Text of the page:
Thanks to secret Turkish technical support, Pakistan Air Force F-16s could stay airborne in the face of Indian posturing on its eastern front.
|Read more: Comment: What's behind Turkey's attitude towards Gulen-linked groups overseas?|
Fethullah Gulen is believed to be nearly single-handedly responsible for giving impetus to much people-to-people relation building between Turkey and Pakistan, as he initiated the opening of Turkish schools in Central Asian states after the breakup of Soviet Union.
|From Libya to Syria and Palestine to Pakistan, the Turkish president is being seen as a self-preserving politician|
Tayyip Erdogan was mayor of Istanbul when Gulen schools were functioning in main cities of Pakistan. While the management remained with the Turkish teachers, Pakistani educationalists teamed up to establish the country's top-ranking schools, enjoying distinction at home and abroad.
The break-up between Erdogan and Gulen was first signalled by a raid on December 17 2013, in which AKP figures were arrested on corruption charges later described by then-Prime Minister Erdogan as a conspiracy and "judicial coup" manufactured by those jealous of his sucess. Erdogan's blaming of Gulen and his followers sent a ripple across Turkey and Turkish communities around the world.
Gradually, Pakistan was pressed to monitor activities of Gulen-linked institutions. Shahbaz Sharif, Chief Minister of Punjab province and brother of Prime Minister Nawaz Sharif, became less keen on donating a large piece of land to the foundation for setting up an international varsity, which was to be similar to Fatih University in Istanbul.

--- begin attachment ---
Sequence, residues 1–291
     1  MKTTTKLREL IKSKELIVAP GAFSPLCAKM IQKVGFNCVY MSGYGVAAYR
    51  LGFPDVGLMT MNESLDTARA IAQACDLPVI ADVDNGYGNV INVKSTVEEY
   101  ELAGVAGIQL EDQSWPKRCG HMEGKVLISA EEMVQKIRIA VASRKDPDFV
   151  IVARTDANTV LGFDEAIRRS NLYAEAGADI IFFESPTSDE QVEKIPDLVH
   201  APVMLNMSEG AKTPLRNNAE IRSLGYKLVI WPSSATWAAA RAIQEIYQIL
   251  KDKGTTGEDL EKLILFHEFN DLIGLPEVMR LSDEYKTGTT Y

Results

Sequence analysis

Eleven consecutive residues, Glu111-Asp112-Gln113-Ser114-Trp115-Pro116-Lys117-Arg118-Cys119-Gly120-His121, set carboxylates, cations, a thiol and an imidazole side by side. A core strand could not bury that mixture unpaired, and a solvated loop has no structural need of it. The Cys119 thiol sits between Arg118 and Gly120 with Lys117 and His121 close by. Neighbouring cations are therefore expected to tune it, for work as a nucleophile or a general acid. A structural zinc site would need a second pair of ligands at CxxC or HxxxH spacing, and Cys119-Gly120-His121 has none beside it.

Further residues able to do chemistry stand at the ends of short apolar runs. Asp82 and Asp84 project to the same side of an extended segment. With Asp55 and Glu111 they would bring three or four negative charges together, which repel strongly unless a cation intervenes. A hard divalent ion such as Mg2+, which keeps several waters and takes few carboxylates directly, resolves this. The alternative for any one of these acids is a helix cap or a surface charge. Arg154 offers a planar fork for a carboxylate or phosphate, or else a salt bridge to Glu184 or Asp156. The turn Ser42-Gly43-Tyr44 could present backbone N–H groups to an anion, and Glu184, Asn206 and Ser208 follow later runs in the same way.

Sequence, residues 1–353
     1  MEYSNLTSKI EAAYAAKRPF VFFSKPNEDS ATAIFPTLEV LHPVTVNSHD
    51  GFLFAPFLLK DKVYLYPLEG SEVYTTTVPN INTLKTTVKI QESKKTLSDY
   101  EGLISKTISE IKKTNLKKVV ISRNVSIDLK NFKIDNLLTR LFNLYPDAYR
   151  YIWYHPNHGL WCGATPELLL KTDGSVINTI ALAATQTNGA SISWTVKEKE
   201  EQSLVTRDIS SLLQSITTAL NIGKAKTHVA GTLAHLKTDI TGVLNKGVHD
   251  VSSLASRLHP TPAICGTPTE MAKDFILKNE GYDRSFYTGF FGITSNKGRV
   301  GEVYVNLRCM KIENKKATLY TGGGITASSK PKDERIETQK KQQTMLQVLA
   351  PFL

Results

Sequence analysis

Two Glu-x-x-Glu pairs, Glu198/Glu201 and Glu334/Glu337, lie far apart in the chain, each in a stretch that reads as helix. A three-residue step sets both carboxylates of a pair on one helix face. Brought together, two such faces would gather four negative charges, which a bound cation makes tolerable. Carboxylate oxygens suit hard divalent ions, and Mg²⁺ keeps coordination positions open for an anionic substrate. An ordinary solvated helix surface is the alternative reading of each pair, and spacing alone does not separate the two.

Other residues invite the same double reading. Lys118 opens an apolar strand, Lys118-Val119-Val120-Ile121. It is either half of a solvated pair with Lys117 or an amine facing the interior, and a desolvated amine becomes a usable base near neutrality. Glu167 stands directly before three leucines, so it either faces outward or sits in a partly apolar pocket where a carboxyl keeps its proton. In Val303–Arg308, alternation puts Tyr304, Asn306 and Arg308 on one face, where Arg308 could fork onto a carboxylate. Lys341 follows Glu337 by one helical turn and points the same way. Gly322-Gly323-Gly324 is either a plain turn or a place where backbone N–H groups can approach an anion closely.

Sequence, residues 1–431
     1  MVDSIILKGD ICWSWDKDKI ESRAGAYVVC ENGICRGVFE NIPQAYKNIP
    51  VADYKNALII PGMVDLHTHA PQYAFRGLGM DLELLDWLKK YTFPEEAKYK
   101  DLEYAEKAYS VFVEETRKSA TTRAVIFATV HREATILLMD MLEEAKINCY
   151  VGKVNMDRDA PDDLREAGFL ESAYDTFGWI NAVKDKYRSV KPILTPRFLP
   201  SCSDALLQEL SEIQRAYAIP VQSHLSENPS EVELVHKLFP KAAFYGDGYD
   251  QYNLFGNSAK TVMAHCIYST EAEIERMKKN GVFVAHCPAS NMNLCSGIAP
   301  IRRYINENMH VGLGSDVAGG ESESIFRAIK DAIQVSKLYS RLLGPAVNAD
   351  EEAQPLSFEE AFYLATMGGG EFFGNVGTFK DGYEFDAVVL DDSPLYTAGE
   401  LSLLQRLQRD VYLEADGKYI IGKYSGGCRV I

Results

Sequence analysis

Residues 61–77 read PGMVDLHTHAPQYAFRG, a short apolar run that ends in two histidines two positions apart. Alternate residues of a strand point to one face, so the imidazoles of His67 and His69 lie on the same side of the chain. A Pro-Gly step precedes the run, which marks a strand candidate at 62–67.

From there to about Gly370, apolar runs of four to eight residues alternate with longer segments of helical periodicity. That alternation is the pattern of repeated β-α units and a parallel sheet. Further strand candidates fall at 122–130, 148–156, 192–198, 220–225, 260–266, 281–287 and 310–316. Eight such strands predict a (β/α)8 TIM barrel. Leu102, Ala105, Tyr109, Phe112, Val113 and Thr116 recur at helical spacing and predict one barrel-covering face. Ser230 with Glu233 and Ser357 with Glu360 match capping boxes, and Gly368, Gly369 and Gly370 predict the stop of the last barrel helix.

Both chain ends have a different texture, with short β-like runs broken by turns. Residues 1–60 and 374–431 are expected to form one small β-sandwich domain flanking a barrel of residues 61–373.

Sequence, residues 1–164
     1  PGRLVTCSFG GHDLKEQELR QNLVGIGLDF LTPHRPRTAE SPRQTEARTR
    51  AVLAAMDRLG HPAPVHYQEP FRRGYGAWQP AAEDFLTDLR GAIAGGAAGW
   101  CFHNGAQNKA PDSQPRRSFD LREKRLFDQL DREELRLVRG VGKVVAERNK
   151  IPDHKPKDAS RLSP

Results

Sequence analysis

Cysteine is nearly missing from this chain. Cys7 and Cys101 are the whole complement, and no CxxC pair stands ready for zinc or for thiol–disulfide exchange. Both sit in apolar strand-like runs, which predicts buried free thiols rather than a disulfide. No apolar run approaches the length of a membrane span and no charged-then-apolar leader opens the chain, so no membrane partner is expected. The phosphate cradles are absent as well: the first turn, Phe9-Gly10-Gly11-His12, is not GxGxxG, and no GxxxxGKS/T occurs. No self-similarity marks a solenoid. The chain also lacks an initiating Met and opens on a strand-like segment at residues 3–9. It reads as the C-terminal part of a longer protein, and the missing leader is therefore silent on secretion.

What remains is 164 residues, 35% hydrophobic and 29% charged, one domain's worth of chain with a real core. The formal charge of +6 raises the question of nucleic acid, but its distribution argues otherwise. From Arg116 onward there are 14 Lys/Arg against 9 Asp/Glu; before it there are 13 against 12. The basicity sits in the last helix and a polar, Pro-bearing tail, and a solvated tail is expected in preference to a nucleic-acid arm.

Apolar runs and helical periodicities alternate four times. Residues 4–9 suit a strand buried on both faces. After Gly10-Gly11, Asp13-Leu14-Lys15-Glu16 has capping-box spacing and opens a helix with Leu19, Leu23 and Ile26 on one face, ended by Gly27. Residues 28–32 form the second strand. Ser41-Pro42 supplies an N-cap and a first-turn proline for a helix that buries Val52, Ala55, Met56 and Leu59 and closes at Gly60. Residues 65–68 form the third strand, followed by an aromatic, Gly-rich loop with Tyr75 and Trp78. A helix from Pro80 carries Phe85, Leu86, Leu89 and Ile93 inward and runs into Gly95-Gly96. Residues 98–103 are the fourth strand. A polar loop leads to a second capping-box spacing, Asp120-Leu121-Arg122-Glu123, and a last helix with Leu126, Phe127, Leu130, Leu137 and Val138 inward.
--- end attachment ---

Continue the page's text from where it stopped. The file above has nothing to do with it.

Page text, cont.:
Throughout the troubled period - from the December 2013 raid to the present - Islamabad has been unable to find a single irregularity or criminal offence in the operations of the Turkish NGOs. Until recently, top government dignitaries and ministers had been frequent visitors to the schools.
If the Islamabad High Court doesn't repeal the official notification of staff expulsion, despite fear of persecution in Turkey, Erdogan's ego will succeed in scarring the once-prized relationship.
From Libya to Syria and Palestine to Pakistan, the Turkish president is being seen as a self-preserving politician, rather than a selfless leader. Though Pakistan-Turkey state-to-state relations in diplomatic, economic and defence spheres will remain intact, the people-to-people contacts will never be the same again.
Naveed Ahmad is a Doha-based investigative journalist and academic with special focus on diplomacy, security and energy issues. Follow him on Twitter: @naveed360
A version of this article was first published by The New Arab on November 17.
Opinions expressed in this article remain those of the author and do not necessarily represent those of The New Arab, its editorial board or staff.